In August, United Healthcare was heavily criticized for denying coverage of Truvada to a bisexual client because, the company claimed, he engaged in “high risk homosexual behavior.” In addition to apologizing for the “insensitive language,” United Healthcare announced that it was updating its policy and would no longer require pre-authorization for Truvada.
But now the company, one of the largest healthcare providers in the nation, seems to have created a new, subtler barrier to accessing the drug.
Currently Truvada is the only FDA-approved form of pre-exposure prophylaxis. It’s highly effective—when used correctly, it’s 92%–99% successful in preventing transmission of HIV—but it’s also expensive. Many patients rely on secondary insurance—often in the form of “copay cards” or coupons provided by Truvada’s manufacturer, Gilead—to help pay for it. For those with high-deductible plans through United Healthcare, prescription payments made with copay cards have always gone toward a patients’ out-of-pocket maximum.
But that’s about to change.
On the PrEP Facts Facebook group, David Cash, a gay man living in Connecticut, shared a copy of a letter he recently received from UHC.
The correspondence, dated December 1, states that when it comes to prescription medications, “only the amount you pay out of your own pocket will apply toward your deductible and out-of-pocket maximum” as of January 1, 2018. While the letter doesn’t reference PrEP specifically, it’s the only prescription he’s on with a copay assistance plan.
“This is contrary to years of precedence with other medications,” wrote Cash, who has been taking Truvada for two years. “This will end up costing people with high-deductible plans $3,600 more per year. Talk about a disincentive to use Truvada.”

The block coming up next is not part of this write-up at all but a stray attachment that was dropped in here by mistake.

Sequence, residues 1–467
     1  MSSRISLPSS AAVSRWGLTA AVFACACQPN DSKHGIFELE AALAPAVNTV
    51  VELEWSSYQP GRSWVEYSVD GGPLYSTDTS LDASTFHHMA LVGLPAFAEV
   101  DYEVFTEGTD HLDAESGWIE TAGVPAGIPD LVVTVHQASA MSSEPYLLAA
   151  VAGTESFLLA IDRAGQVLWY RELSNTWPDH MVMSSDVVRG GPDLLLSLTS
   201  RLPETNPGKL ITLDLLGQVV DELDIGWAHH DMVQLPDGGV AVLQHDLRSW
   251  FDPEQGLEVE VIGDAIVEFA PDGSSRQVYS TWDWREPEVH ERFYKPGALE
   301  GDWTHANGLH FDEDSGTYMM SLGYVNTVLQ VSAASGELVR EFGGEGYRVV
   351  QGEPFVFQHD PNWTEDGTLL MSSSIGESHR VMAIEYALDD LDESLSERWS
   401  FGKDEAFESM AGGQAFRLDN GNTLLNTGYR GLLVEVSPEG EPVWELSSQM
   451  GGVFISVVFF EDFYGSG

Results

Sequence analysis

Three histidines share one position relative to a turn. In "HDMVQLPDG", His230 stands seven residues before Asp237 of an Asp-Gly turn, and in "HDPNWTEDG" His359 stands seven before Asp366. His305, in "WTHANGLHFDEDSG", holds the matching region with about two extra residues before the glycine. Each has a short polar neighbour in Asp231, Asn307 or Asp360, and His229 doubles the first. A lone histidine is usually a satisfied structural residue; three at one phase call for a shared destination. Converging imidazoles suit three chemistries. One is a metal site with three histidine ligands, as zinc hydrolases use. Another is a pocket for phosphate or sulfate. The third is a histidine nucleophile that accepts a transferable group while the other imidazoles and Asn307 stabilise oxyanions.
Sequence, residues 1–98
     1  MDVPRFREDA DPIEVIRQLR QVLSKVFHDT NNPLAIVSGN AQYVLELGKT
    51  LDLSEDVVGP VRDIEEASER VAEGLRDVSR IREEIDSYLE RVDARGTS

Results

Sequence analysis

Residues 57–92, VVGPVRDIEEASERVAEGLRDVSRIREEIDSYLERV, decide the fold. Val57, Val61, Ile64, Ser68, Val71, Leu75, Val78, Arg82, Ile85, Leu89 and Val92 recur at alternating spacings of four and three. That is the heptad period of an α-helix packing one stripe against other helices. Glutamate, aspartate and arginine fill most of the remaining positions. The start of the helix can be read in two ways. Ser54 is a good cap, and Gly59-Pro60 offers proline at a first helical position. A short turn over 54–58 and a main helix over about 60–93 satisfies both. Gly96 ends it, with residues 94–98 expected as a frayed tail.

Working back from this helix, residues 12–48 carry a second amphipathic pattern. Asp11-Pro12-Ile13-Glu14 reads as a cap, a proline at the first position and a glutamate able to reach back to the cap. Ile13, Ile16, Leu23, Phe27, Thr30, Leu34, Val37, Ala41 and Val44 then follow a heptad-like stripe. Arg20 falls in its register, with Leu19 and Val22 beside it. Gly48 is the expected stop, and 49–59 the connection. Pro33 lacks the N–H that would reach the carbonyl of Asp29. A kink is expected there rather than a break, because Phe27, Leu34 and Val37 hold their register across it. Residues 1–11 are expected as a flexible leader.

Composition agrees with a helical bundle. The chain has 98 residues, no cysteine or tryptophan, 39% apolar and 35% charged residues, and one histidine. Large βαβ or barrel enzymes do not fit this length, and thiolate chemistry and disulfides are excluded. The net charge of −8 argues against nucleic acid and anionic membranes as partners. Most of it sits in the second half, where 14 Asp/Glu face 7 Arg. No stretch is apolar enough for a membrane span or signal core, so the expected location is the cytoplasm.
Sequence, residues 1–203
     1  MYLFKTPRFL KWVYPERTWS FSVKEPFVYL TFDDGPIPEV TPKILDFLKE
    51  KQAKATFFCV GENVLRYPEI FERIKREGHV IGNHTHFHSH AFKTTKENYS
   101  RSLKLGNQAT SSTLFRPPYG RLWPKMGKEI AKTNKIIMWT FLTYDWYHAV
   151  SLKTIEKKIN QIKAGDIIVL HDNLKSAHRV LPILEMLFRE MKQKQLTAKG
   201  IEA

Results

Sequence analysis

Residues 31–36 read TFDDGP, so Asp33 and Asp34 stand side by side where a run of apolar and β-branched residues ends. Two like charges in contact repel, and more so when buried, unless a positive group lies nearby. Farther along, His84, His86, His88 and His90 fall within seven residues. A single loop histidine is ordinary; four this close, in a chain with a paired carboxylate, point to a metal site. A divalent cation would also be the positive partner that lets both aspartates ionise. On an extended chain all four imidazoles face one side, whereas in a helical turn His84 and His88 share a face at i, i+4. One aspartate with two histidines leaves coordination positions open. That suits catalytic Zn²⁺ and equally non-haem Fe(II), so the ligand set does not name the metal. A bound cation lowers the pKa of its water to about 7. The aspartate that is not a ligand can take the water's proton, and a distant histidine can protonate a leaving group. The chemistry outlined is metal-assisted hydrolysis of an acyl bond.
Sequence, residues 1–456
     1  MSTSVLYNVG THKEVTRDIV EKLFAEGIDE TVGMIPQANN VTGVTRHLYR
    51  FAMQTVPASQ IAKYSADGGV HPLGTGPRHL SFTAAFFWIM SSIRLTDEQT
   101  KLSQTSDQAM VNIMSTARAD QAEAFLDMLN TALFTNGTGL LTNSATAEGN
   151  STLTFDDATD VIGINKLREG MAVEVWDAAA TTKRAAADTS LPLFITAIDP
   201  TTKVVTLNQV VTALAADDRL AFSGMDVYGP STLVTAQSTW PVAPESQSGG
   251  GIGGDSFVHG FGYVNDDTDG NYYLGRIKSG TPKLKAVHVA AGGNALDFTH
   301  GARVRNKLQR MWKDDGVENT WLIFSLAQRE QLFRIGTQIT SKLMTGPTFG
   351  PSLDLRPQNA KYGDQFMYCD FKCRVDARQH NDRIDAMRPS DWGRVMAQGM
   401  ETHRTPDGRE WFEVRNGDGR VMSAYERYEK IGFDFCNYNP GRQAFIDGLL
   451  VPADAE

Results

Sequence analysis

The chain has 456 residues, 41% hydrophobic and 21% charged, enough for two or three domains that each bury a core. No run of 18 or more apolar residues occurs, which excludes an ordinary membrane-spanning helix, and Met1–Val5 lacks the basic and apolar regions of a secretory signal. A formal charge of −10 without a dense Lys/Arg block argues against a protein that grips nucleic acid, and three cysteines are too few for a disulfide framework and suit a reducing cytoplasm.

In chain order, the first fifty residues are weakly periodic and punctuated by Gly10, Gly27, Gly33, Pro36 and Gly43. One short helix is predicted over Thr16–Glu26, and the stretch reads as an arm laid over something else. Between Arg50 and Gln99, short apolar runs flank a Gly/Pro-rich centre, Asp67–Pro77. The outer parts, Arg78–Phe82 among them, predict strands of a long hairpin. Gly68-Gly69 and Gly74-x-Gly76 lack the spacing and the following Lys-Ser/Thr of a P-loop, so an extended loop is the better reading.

As a retiree on a limited income, he can’t afford to stay on PrEP with that change in effect.
“I think it’s a shameful thing they’re doing,” he tells NewNowNext. “They’re just trying to reduce the utilization of PrEP because of its cost to them, which is pretty morally bankrupt, considering what it’s for.”
UHC has previously claimed Truvada is one of the most expensive drugs it covers. While this change may be viewed internally as a cost-saving measure, HIV activist Damon L. Jacobs says it’s counterproductive in the long run.
“It’s illogical and irresponsible for UHC to add this extra barrier to PrEP access,” Jacobs tells NewNowNext. “The CDC has acknowledged the role of PrEP in decreasing new HIV diagnoses. Providing obstacles to PrEP will result in more HIV transmissions, which will ultimately be of greater cost to United Healthcare.”
He adds that, judging from the company’s remarks against ’high-risk homosexual behavior,’ “there seems to be a deeper level of contempt and disregard for the health of gay and bisexual men.”
Commenters on Cash’s Facebook post report other insurers in different states have sent out similar noticed about changes for 2018. United Healthcare did not respond to a request for comment before the time of publication.